Compassion is really where it's at.

  5. I keep reading your stuff and not commenting, because I feel like all I ever say is something along the lines of, "Good job, TangledLou. I love your writing..."

    But perhaps that's better than saying nothing at all? I'm not sure. So here I am again to say, Good job TangledLou. You inspire me, both in my life as well as in my writing. Thank you.

    1. Hi Deb! It makes me happy to know that you still read. The commenting thing is a weird blogging construct, isn't it? It's nice to hear a hello, but not necessary.
      That said, what a nice little shot of adrenalin to see your beautiful little hennaed hands here on my comment feed and seeing such nice words... I am humbled and flattered and so, so very grateful. xo

  6. OK, it's been WAY too long since I checked my Google Reader. I've been following you on Facebook and hence missed this one post. Mea culpa. I spent many years deriding "tolerance" as a concept for all the reasons outlined above until it occurred to me that I agree with my own point of view. And this for me was a "Duh." moment.

    Admitting that I agree with my own point of view causes me to have to admit that I may not agree with yours. (This also means seeing that, for me, right at this moment, subjectively, my views ARE superior. Otherwise they wouldn't BE mine. This is purely logical.)

    If I'm not lying to myself, all I can strive for is tolerance. The alternative is a full frontal lobotomy. We all have opinions, stances, passions, and perspectives. I would hazard that we are made this way, that we are "supposed to." So, I see nothing shameful in celebrating and being public about my own point of view and attempting to do so with honor, integrity and kindness. I think practicing tolerance and, for me, calling for tolerance in the public sphere, is more honest than pretending I can really know what it would feel like to think in opposition to myself.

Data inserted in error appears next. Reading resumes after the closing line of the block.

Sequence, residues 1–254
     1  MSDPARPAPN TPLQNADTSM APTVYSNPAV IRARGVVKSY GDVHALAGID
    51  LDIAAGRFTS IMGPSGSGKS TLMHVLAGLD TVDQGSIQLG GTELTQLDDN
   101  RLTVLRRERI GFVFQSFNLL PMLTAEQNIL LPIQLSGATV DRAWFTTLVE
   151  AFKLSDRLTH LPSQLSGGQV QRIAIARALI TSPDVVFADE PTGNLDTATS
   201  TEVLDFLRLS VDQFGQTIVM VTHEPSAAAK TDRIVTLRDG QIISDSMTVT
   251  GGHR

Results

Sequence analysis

I loved your post. I'm sorry you hated it. And I am totally stepping off my soapbox now. I hope you can use some of the bubbles to mop up your floor.

    1. You are so funny. I had this exact conversation with myself a few weeks ago. "This also means seeing that, for me, right at this moment, subjectively, my views ARE superior. Otherwise they wouldn't BE mine. This is purely logical." I almost said this exact thing. Crazy.